Your contents cover will increase (up to the amount showing in your policy documents) for 14 days before and after the date of a celebration. It includes Christmas or other religious festivals, wedding or the birth of a child and covers the gifts and food bought for these events.
Yes, carpets fall under our definition of 'contents' and you should include the cost of replacing your carpets when working out the value of your contents. If you want carpets to be covered for accidental damage make sure this has been selected.
Under Admiral Gold and Platinum policies, damage to trees, shrubs, plants and lawns is covered with some exclusion. While we cover your garage contents, restrictions apply in relation to theft from a garage or outbuilding. You can find out more about the restrictions in your policy booklet.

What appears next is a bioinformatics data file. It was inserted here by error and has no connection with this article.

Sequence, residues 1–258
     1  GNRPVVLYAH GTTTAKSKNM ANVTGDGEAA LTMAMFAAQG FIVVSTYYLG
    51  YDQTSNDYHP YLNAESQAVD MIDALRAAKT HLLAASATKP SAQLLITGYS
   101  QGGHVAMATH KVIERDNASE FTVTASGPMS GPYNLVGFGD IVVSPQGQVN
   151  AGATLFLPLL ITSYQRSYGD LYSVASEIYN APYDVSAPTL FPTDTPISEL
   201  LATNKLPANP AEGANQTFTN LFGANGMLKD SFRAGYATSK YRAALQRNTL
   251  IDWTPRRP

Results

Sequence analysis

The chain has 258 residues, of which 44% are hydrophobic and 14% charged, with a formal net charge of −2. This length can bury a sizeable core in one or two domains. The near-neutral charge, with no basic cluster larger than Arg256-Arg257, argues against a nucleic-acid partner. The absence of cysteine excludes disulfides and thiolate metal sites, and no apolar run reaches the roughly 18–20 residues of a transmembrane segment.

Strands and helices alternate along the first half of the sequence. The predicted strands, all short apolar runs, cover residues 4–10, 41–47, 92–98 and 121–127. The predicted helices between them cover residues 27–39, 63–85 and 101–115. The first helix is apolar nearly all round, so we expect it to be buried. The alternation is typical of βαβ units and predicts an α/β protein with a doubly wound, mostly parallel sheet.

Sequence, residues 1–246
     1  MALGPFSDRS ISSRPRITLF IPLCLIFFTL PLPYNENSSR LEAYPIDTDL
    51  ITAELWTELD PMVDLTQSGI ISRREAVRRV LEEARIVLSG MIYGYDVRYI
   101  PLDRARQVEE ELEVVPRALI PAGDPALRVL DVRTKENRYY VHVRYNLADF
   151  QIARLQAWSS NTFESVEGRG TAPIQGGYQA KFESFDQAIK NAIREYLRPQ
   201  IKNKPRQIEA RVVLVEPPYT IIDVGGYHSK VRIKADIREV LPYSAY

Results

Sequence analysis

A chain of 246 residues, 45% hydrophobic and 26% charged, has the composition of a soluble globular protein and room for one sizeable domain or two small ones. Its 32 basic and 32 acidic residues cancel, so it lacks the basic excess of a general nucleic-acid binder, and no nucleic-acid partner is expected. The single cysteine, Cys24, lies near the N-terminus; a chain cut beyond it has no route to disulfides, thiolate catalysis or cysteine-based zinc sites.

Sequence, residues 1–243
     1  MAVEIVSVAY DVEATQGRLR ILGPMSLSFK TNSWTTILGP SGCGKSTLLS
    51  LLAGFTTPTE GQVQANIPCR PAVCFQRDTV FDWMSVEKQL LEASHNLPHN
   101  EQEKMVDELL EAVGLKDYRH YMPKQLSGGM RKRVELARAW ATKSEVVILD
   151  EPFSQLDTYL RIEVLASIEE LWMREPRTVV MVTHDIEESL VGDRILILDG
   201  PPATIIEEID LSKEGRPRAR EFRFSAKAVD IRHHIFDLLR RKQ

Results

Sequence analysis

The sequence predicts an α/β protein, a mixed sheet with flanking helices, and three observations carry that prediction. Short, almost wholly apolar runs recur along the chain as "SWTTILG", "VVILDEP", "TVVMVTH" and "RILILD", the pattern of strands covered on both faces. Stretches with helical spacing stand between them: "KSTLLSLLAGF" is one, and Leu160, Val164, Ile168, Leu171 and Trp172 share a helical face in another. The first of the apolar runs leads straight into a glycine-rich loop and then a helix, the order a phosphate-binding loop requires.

No, this type of cover is totally optional but it could be essential for you if something were to happen to your home contents. Think about everything in your home - your tech, furniture, clothes - all of your belongings. Could you afford to replace them if something happened to them?
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Personal property coverage is also available with other types of property insurance, like renters or condominium insurance. Knowing what exactly this coverage includes, and what items have limited coverage or what perils are excluded, will help you understand how your coverage works in a claim situation.